Retrograde Economic Policies Of The Congress

The great disparity in economic wealth in this country is not abating. In spite of the slow but steady decline in expenditures, the federal government still spends far more than it takes in. The Congress refuses to deal with the problem.

Having fallen over the “fiscal cliff” and subsequently enacted the “unthinkable” Sequester, the Congress now believes itself to be finished with measures to create new income while continuing to deal with excessive expenditures. At the same time the Congress has created or helped to create the most massive income disparity in the history of the country. CEOs make unconscionable salaries while a significant portion of those who work in the financial industry adjust their salaries quite legally thanks to the Congress to hide significant sums often offshore in multimillion dollar IRAs. In addition to excessive salaries, various clever forms of sheltering and tax loopholes for many with nominal salaries in the millions allow many to pay little if any tax. With IRAs and other tax sheltering amounting to trillions of dollars taken out of the real economy, insufficient funds are left to run the country especially if the super-rich and nearly super-rich want an overly well-funded military to protect their assets.

Now, after a world wide financial disaster, the like of which has not been seen since the 1930s, the world faces serious adjustments which it is unlikely to be able to make without massive transformation of of the current economic system. One cannot, after all, have a consumer economy in which consumers have little if any money to spend. Further, an economy in which much of the work is increasingly done by machines is a world in which there is little need for new workers except those relative few with considerable skills. Costs nevertheless require constant downward adjustment otherwise businesses cannot be profitable whether we have fewer consumers or sizable numbers of consumers with less and less discretionary income.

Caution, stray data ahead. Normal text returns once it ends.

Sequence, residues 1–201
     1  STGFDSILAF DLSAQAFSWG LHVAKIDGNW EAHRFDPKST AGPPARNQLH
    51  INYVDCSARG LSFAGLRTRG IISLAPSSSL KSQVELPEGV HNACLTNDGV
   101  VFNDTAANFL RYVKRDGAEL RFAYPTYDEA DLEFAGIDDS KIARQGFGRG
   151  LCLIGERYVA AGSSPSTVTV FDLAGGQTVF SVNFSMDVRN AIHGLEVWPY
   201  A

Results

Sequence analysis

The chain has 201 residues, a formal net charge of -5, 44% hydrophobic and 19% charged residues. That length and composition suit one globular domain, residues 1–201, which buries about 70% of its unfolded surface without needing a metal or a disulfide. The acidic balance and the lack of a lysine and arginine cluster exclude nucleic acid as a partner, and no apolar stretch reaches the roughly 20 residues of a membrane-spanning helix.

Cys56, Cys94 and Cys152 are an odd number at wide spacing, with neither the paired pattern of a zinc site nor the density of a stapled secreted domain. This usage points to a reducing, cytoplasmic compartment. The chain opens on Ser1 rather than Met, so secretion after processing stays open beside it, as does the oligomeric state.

In the current situation the value of housing was first destroyed and at the same time credit markets were effectively taken down by massive speculative losses within the financial industry. Many banks failed though the most massive banks, financial houses and other large industries were saved by “government bailouts.” Some payback of public funds has occurred, but the overall repair process has been slow.

Initially, we also saw a considerable losses in markets. Indeed by early of 2009 the value of stock markets was less than half what they had been a year earlier. Many in the middle class were suddenly stuck with about half the nest egg in their IRA that they thought they had accumulated toward retirement. The value of stocks in IRAs dropped about half their value in 2008-9 as did the value of their homes. In many cases they’d be unable to sell homes and clear what they still owed. Only those who were 10 years or more from retirement had any chance at all of making up the lost round and indeed it would take some time to even get back to where they were in 2007. Now in 2013 the markets are back but the value of housing is not. Of course, those who liquidated IRAs at low value in 2009 and held onto or had to use the cash, are worse off than they would have been had they held onto their diminished assets in 2009. Housing has bottomed and is thankfully starting to turn around, yet it is still a long way back.

Overall, we now observe a considerably diminished net worth in the middle class owing to the crash of the housing market in 2008. Also, IRAs and other forms of savings, while making a better comeback, are still diminished overall. At the same time the super-rich and the near super-rich have recovered from a catastrophic financial disaster which was largely of their making. Indeed, they have become even more clever about how to hide their assets–and with the help of the Congress they do it quite legally.

Now the Congress seeks ways to further protect the super-rich by providing them with a super-military to protect their assets. To do this they must cut costs while not causing the rich to pay more. They intend to take it from Social Security and Medicare, which are the only remaining ways of bleeding the middle class.

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